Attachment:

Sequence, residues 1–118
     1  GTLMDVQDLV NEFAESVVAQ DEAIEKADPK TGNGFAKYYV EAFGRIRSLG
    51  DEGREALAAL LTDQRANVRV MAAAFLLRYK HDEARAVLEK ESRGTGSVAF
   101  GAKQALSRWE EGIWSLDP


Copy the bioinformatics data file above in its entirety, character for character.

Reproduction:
Sequence, residues 1–118
     1  GTLMDVQDLV NEFAESVVAQ DEAIEKADPK TGNGFAKYYV EAFGRIRSLG
    51  DEGREALAAL LTDQRANVRV MAAAFLLRYK HDEARAVLEK ESRGTGSVAF
   101  GAKQALSRWE EGIWSLDP